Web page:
Joe Biden is committed to take all the necessary actions to strengthen the US banking system.
Silicon Valley Bank (SVB), which specialized in lending to technology companies, collapsed amid a rush of withdrawals last week.
It was the largest failure of a US bank since the financial crisis in 2008.
The collapse came after SVB had scrambled to raise money to plug a loss from the sale of assets affected by higher interest rates, leading customers to race to withdraw funds, leading to a cash crisis.
Authorities also took over Signature Bank of New York, which had many clients involved in crypto and was seen as the institution most vulnerable to a similar bank run after SVB.
The US government responded by guaranteeing all deposits at SVB and Signature Bank, extending protection beyond the $250,000 in deposits typically insured by the government.
Taxpayers will not bear any losses from the move, which will instead be funded by fees regulators charge to banks. The US government is trying to stop people from taking out funds from banks after SVB collapsed, and people and businesses who have money deposited with SVB would be able to access all their cash from Monday.
President Joe Biden said Americans should "rest assured that our banking system is safe" and promised to do "whatever is needed" to shore up banks after a string of failures raised fears about financial stability.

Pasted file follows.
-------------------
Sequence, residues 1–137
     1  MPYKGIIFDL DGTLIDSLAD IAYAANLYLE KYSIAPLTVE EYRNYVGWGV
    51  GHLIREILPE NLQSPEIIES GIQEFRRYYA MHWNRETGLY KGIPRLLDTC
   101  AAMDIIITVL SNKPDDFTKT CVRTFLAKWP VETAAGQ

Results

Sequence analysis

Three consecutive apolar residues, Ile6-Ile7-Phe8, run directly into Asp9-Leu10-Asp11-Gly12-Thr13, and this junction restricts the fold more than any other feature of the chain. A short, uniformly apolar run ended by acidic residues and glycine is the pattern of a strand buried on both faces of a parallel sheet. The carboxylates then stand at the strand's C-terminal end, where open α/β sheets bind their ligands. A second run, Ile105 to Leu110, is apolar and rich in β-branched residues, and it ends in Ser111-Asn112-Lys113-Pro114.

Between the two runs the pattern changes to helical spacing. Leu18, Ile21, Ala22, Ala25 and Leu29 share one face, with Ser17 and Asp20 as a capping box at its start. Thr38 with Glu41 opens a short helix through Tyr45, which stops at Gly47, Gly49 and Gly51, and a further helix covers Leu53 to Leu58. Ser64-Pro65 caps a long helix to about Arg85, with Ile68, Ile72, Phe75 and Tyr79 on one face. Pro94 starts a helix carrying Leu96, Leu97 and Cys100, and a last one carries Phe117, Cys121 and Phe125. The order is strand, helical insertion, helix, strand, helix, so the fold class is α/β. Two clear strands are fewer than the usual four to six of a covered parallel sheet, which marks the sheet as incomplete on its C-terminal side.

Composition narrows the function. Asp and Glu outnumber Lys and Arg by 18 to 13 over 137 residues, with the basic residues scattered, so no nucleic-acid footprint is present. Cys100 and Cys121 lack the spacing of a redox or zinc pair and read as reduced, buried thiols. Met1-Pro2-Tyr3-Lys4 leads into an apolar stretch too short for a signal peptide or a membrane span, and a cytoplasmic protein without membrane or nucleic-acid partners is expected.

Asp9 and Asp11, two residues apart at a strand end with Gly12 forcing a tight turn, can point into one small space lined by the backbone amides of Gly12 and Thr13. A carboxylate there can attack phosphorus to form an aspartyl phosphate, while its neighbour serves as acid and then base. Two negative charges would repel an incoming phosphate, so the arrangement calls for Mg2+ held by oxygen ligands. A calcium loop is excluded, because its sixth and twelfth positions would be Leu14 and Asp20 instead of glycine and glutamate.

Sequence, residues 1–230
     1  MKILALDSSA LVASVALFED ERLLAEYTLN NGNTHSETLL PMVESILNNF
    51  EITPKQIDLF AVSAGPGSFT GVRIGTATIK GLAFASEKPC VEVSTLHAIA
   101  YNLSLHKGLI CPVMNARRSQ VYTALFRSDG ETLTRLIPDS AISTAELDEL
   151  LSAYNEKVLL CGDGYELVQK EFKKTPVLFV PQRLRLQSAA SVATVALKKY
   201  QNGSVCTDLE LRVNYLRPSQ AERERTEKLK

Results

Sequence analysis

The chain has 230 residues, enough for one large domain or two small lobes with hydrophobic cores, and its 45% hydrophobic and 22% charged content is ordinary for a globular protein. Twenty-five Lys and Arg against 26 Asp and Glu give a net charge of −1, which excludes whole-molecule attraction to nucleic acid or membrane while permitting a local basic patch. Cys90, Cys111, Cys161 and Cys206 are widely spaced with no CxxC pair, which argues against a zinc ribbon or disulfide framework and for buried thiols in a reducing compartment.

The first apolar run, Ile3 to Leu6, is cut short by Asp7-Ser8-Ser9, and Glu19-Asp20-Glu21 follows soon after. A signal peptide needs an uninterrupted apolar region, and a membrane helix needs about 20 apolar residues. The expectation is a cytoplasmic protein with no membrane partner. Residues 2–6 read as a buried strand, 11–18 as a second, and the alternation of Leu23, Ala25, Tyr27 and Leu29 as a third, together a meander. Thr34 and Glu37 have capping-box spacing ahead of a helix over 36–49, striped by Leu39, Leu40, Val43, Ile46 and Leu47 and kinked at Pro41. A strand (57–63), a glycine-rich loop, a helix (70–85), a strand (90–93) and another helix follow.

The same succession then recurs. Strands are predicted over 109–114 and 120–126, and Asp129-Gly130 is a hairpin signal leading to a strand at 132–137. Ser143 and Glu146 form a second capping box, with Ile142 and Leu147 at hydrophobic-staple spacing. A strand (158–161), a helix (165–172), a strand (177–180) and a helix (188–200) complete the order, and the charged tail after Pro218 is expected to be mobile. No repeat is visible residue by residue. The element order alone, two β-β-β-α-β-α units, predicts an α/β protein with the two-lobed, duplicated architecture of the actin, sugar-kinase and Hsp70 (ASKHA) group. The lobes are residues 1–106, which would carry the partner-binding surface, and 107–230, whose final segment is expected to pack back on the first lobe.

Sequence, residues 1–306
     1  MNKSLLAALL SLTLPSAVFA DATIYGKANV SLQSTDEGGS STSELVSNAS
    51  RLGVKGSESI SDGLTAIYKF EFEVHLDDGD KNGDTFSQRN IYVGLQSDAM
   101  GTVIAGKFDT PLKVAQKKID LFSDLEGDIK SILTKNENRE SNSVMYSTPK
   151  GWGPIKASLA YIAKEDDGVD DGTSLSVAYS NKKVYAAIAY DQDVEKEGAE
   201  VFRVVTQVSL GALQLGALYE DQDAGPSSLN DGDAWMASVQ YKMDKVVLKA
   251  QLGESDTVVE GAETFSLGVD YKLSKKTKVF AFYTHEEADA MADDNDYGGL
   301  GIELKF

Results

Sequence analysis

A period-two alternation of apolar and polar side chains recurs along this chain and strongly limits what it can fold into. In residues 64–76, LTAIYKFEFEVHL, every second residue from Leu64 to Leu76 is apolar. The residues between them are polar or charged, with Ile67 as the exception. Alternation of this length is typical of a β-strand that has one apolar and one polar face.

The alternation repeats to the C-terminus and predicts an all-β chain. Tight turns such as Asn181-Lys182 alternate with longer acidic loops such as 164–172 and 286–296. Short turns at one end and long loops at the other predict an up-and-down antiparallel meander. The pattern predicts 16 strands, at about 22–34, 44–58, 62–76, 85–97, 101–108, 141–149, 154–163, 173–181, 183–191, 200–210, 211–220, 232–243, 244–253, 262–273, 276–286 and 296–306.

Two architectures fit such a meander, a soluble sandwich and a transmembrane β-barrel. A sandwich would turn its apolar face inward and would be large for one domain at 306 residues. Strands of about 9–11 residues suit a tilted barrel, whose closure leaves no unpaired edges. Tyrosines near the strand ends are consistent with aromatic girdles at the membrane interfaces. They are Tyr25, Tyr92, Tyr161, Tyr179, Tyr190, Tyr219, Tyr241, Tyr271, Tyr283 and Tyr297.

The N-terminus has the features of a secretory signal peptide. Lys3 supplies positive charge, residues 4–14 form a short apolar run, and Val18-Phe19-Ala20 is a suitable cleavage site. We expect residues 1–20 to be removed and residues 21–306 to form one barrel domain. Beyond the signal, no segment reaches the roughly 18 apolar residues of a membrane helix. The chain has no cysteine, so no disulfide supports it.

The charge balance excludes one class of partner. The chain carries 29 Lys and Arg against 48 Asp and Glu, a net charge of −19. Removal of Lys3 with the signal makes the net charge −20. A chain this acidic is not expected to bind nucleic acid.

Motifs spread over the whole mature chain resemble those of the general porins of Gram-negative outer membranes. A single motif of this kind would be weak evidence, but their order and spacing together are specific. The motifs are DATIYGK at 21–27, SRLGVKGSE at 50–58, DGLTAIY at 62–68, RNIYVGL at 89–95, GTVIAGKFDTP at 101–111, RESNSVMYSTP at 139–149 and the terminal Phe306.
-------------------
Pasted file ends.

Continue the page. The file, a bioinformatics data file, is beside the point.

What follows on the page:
A stable banking system is crucial for a healthy economy and the financial well-being of individuals and businesses. Having a stable banking system allows people to safely deposit and withdraw money, transfer funds, pay bills, and access credit. This enables businesses to invest, expand, and create jobs, while individuals can save, borrow, and invest for their future.
The recent collapses of Silicon Valley Bank and Signature Bank have sparked discussions about the stability of smaller banks and the need for regulatory reform.
Unlike the focus after the 2008 financial crisis, the debate is no longer centered around "too big to fail" banks but instead on the vulnerability of medium- and smaller-sized banks.
Both banks failed due to their business models being too concentrated in one sector and overexposure to assets affected by rising interest rates.
Critics argue that these banks should have foreseen the risks, especially since US Federal Reserve Chair Jerome Powell has signaled the Fed's intention to raise interest rates.
Although most banks are diversified and well-capitalized, regulators are expected to investigate what went wrong and consider necessary rule changes.
Furthermore, the pressure on small- and medium-sized banks continues, and their resilience to the US economy and inflation is uncertain.
Felix is the founder of Society of Speed, an automotive journal covering the unique lifestyle of supercar owners. Alongside automotive journalism, Felix recently graduated from university with a finance degree and enjoys helping students and other young founders grow their projects.